Updated: Nov 26, 2018
Companies are collecting more data than ever before, and are making significant business decisions based on it.
If you are familiar with big data, you know it, if not I'm telling you now: when you talk about big data you talk about 4 Vs ( Volume, Velocity, Variety, and Veracity).
We have over the years seen clear evidence of the impact and importance of the first three in marketing and advertising.
A higher “Volume” of data has led to more efficient decision-making.
High “Velocity” data — such as data from mobile devices — has helped firms better understand their customers.
High “Variety” data — data that is unstructured in the form of text, images, videos, and so on — can lead to make better predictions.
But what about “Veracity”? Even if you've never heard the term before, this definition is related to the issues of data accuracy, reliability, and transparency.
Are these data accurate? reliable, transparent? Is there any possible fraud or fellony going on? what kind of insight could I get from these data?
For data-driven marketing, an answer to this questions comes from blockchain technology.
#Blockchain can make data-driven marketing more transparent by validating and analyzing every consumer’s journey through verified ad-delivery, confirming that a real person saw the ad as per the specifics of a media contract.
Thanks to Blockchain, marketers will able to control how their assets are delivered by monitoring exactly where their ads are being placed, reducing ad fraud from automated bots by ensuring that real followers and consumers are engaging with their ads while also ensuring proper ad engagement tracking that will lead to more precise digital attribution.
Another fundamental pain point that is experienced by consumers in the mobile economy is the noise!
Companies are overwhelming their customers with too many ads, emails, coupons, and messages. The reason they send out a dozen different messages is that they don’t know much about consumer preferences, as astonishing as that might seem in todays’ data intensive economy. The current practice is often a numbers game: throwing a dozen darts in the air and hoping one will hit the bullseye.
A survey of brand and agency marketers revealed that 94% of marketers don’t have a single view about their consumers that could have facilitated cross-platform continuity. what's obvious is that there’s a disconnect between consumers and marketers with respect to what people want, when they want it, where they want it, and how they want it. This problem manifests itself, for example, when you see that same display ad for a hotel following you from one website to another, even if you already made a booking for that hotel two days ago.
Blockchain can prevent the same display ad from being over-served to anyone, ensuring the optimal frequency of ad serving for each consumer.
When it comes to the impact of frequency of ad exposure on consumers’ propensity to buy, studies have shown that, anywhere from four to six ad exposures is optimal. However, it has been nearly impossible to deliver on this optimal goal due to issues of data quality (the fourth V). A smart contract on blockchain can fix this by providing a level of tracking and transparency that is currently not available to brands.
If consumers share more of their preference information, brands will know more about them, which in turn will increase the relevance of their messages and decrease the frequency of #advertising. But for some consumers, an impediment to sharing information with firms is often a lack of trust with what firms might do with that data. Blockchain’s inherent ledger-based transparency can help companies build trust with consumers. We have seen clear indication of how consumers are willing to share their data with firms in return for better offers and tangible value.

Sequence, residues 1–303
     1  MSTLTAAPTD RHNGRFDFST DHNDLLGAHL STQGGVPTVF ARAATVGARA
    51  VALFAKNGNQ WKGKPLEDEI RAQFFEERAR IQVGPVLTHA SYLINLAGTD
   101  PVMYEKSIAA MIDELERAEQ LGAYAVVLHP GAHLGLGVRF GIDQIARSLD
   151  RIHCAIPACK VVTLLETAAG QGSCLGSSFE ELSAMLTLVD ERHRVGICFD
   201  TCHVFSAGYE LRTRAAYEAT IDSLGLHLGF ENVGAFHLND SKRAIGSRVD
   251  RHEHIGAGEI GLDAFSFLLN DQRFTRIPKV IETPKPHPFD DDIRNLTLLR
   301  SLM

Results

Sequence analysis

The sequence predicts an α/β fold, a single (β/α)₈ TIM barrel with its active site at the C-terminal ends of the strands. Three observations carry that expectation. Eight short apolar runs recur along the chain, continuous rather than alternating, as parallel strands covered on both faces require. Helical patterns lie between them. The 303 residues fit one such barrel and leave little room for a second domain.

Those Brands who have earned consumer trust and who offer a relevant, value will have greater access to personal information. Blockchain #technology offers tremendous potential for mitigating consumer concerns by giving the, a transparent look at how their data are used by marketers and advertisers.
This will likely give rise to markets for consumer data that will not only give users a transparent look at how their data has been used by advertisers, but will also give them more control over how their data should be used. It also has the potential to allow newer ad tech vendors, such as telecom providers like Verizon and AT&T, a credible chance to compete against the likes of Facebook and Amazon.
All this said, we are a still a while away from actual implementation of blockchain by the ad-tech ecosystem. The key roadblock that needs to be fixed is the speed of transactions. Because of its distributed nature, where transactions are verified by “miners” around the world, blockchain generally takes between 10–30 seconds to validate transactions. This means that as of today, it cannot validate ad-tech transactions (that occur in milliseconds) fast enough.
So ad tech vendors will have to aggregate ad transactions into one block to create a single transaction, but of course that reduces transparency. In the short term, brands will likely use blockchain as a post-campaign layer to validate and authenticate transactions, not in real-time, but after-the-fact. However, this is still a vast improvement over current practices.
Despite its speed limitations, which are typical of the path in which a foundational technology such as blockchain unravels, this new paradigm will change the data-driven #marketing #business landscape for good, it's purely a matter of time.